Thursday evening found the Charleston Coliseum & Convention Center awash in an amalgam of bluesy country, tossed with a side of southern rock and seasoned with just a dash of metal for flavor, as Chris Stapleton’s All-American Road Show graced the stage.
The Marcus King Band opened the night with a playful, sometimes jazzy, sometimes soulful musical set.
With a stockpile of original music, mostly new to the audience, King and his bandmates still managed to sound familiar.
Reminiscent of Kenny Wayne Shepherd and Creedence Clearwater Revival, King kept the early crowd engaged. He surprised and roused the audience with a few bars of Black Sabbath’s “War Pigs” before ceding the stage to the fiery Margo Price.
With a glorious nasal twang — just slightly gentled by a velvet coated edge- and a lung capacity fit to blow down a house, Price was mighty.
Stomping barefoot, backed by a honky-tonk piano and an acoustic guitar, she was a little bit Dolly Parton, a little bit Pam Tillis and a little bit Janis Joplin.
She wowed the crowd with her energy and storytelling.
Particularly spectacular was her cover Dusty Springfield’s “Son of a Preacher Man.”
I’ll be searching it out for download. I suggest you do, too.
A little after 9 p.m. Chris Stapleton took the stage to a deafening roar.
The crowd was primed and ready for this unassuming giant, the new face of “classic” country. Veiled behind a big beard and an even bigger hat, Stapleton doesn’t offer the glammed up pretty boy face of auto-tuned modern country-rock. He doesn’t sing much about big trucks or summer crushes, instead he harkens back to the original bad boys, those middle-finger-waving, whiskey-swilling, pot-smoking fathers of Outlaw Country.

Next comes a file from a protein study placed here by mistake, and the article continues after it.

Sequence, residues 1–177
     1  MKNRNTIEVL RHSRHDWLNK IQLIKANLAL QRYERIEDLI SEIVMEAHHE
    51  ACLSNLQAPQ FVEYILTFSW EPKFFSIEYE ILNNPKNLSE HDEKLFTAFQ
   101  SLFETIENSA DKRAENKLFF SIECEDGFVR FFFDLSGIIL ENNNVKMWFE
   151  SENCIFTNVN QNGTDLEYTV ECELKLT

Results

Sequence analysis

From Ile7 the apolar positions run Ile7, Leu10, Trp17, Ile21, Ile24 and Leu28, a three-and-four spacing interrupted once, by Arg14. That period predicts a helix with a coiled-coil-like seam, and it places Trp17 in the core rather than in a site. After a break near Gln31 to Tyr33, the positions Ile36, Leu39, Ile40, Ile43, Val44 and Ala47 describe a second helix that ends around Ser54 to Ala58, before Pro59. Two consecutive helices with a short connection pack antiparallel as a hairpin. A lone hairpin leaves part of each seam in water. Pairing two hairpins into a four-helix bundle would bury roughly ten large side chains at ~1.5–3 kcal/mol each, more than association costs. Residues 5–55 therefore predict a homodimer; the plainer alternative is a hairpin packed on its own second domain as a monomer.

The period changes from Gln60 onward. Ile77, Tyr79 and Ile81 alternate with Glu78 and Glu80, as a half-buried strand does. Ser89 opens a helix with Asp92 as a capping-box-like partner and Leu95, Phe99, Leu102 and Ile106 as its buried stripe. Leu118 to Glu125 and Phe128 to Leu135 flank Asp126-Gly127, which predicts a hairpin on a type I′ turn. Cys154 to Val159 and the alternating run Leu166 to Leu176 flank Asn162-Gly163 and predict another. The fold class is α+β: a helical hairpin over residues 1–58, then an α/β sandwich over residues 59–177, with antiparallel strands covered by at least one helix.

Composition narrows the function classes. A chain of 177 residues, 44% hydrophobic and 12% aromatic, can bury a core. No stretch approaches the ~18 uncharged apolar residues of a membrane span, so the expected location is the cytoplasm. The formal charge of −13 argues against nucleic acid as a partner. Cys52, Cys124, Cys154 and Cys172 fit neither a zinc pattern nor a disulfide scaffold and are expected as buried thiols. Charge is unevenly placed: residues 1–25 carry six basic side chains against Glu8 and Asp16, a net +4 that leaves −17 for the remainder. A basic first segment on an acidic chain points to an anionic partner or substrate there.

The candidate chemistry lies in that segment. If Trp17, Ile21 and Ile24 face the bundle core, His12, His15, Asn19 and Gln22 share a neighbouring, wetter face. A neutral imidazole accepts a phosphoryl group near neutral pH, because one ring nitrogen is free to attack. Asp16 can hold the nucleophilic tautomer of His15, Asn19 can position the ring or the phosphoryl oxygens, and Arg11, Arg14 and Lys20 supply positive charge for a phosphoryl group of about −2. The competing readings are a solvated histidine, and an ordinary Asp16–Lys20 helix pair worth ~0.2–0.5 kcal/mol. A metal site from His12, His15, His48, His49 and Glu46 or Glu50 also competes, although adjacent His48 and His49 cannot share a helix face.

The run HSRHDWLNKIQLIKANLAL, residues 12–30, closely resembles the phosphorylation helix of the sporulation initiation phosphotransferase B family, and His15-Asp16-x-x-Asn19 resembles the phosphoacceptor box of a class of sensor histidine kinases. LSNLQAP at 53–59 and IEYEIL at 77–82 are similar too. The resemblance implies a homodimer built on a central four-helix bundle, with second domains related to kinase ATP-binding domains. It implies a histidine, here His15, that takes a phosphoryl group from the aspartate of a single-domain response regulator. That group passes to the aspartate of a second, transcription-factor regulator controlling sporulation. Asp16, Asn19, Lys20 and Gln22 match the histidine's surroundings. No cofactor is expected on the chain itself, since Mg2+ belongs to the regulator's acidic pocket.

Stapleton can croon a love song better than the slickest of mainstream radio play. It is just that — if you are listening closely — he is as likely to be singing that ballad to a bottle of whiskey as he is to a woman. It was clear, his down and dirty, brutal brand of country is just what the audience was there to hear, and he did not disappoint.
But Stapleton didn’t give just a new version of the same old show.
He isn’t limited to a few chords and the occasional showy riff. As the night progressed, the stage lights took on a darker hue, as did the music. In almost two hours of stage time Stapleton took the crowd on a trip from classic country themes to a world of chewy, dark blues compositions.
It was quite the ride.
At the end of the night, he brought the evening full circle, ending with two of his biggest hits, “Broken Halos” and “Tennessee Whiskey” but if you weren’t careful you might just have been exposed to something a little different there in those middle creases of the show.
It takes a masterful musician to quietly take an audience on a ride like that. Stapleton is just that man.